My kids refuse to eat spinach. How can I prepare it in a way that might appeal to a finicky eater? First, it’s important to note that spinach is a healthy, dark, leafy, green vegetable that is full of protein, calcium, iron, magnesium, potassium, folate, fiber, phosphorus, thiamine, and vitamins A, C, and K.  Also considered a superfood, spinach, as part of a healthy, balanced diet, is important for skin, hair, and bone health. Additionally, spinach can help improve blood glucose control in people with diabetes, and it lowers the risk of cancer, improves bone health, and can promote digestive regularity. There are three types of spinach, including savoy spinach, flat spinach, and semi-savoy spinach, all of which can be eaten cooked or raw. And it’s fairly easy...
  5. Bain Wilson

    Bain Wilson joins CFAES as livestock evaluation specialist, new Ohio State ATI coaching position announced

    COLUMBUS, Ohio—The Ohio State University College of Food, Agricultural, and Environmental Sciences (CFAES) has announced the appointment of Bain Wilson as livestock evaluation specialist. Wilson will join the CFAES Department of Animal Sciences, effective August 2021, as assistant professor, professional practice. He will lead the Ohio State Livestock Judging Team, teach the department’s livestock evaluation course, and begin connecting with Ohio 4-H livestock evaluation teams across the state. “We are excited for Dr. Wilson to join the faculty and to lead the livestock evaluation courses and team. His arrival is part of a larger plan of pursuing excellence for our judging team,” said John Foltz, chair of the Department of Animal Sciences. Wilson currently...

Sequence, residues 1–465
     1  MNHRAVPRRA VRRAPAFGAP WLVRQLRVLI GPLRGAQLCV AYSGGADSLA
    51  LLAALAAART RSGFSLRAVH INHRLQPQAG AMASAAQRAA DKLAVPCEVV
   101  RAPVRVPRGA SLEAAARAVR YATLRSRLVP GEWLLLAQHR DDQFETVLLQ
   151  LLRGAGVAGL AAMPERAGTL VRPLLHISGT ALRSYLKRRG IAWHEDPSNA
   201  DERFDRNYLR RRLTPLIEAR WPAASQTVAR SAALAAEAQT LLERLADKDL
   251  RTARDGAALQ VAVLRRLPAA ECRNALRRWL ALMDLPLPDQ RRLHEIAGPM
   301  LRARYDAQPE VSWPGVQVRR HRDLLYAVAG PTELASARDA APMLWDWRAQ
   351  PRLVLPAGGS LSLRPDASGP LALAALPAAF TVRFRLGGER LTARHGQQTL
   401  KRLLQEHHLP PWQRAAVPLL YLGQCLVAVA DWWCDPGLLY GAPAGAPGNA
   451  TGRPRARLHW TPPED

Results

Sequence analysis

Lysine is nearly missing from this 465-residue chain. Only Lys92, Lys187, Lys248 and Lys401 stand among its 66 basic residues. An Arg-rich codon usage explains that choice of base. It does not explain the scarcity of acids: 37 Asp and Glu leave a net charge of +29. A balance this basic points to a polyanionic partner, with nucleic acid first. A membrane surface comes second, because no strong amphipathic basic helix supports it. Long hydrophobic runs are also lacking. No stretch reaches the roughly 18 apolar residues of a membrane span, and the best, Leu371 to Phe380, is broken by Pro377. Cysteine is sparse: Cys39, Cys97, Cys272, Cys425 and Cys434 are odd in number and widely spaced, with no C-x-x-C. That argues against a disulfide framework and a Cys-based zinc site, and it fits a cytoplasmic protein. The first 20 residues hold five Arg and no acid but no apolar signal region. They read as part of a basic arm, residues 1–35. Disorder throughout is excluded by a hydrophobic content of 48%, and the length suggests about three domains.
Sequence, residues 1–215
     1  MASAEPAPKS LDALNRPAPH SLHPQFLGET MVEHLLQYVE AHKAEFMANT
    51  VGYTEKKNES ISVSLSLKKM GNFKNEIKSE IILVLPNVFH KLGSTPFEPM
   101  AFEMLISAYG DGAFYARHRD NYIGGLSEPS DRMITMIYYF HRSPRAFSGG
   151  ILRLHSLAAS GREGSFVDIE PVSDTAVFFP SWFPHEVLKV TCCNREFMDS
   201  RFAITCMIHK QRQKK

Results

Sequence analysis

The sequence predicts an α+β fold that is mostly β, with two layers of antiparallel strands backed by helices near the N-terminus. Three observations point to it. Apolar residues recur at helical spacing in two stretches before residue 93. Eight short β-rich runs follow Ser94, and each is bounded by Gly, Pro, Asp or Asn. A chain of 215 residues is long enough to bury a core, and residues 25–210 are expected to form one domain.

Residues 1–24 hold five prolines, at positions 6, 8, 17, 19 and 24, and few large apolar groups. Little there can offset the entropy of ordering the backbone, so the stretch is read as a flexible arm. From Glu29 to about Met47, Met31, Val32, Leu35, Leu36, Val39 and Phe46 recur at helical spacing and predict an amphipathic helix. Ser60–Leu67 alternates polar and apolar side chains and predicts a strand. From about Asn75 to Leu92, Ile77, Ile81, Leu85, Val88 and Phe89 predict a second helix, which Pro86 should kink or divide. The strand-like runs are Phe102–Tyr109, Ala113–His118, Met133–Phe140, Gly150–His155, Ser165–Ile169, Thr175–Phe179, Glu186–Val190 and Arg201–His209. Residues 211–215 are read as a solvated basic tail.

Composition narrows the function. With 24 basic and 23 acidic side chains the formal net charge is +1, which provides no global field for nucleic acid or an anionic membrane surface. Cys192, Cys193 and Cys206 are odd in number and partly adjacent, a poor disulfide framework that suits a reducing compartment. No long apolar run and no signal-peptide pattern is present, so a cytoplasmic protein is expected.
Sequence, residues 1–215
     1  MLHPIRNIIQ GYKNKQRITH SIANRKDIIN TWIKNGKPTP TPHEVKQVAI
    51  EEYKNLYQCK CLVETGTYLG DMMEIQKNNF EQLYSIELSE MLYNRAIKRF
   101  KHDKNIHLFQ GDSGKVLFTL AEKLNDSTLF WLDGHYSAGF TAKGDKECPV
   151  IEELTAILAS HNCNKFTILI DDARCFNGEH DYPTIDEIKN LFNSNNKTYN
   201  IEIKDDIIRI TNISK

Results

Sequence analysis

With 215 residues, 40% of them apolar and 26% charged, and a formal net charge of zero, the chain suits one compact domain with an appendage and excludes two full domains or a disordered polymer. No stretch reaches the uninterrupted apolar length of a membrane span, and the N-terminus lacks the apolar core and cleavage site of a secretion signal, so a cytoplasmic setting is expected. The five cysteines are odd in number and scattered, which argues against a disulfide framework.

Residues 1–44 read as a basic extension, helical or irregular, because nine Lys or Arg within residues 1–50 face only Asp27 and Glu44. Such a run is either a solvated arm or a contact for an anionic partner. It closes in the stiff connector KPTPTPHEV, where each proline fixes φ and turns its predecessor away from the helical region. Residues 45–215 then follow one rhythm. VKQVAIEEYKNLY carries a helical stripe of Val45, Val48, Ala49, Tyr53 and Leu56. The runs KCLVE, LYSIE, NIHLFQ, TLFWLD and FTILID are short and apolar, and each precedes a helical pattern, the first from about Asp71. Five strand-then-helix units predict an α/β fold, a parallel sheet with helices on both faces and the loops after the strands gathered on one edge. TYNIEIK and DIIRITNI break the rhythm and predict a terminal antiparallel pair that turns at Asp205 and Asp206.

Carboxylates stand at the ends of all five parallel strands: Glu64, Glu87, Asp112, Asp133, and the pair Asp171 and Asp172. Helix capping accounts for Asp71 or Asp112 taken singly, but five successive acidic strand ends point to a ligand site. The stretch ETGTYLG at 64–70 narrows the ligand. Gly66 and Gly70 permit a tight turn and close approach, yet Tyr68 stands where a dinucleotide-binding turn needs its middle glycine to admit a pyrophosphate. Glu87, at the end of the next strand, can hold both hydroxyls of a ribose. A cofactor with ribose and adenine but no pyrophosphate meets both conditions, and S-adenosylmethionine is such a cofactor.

6. (Photo: Getty Images)

    The roots of slowing climate change are in trees

    COLUMBUS, Ohio—In the fight against climate change, expanding and better managing the nation’s forests are the cheapest and easiest steps to cutting carbon dioxide emissions, according to new research at The Ohio State University.  Across the United States, trees take up about 12% of the carbon dioxide that cars, planes, factories, and other sources generate every year, said Brent Sohngen, a professor of natural resources and environmental economics at Ohio State’s College of Food, Agricultural, and Environmental Sciences (CFAES).  But trees could do even more, Sohngen said—possibly taking up as much as 16% of the nation’s annual carbon dioxide emissions—nearly a one-third increase. That would happen by planting more trees across...
  7. Photo: Getty Images

    Chow Line: Fridge organization can lessen food waste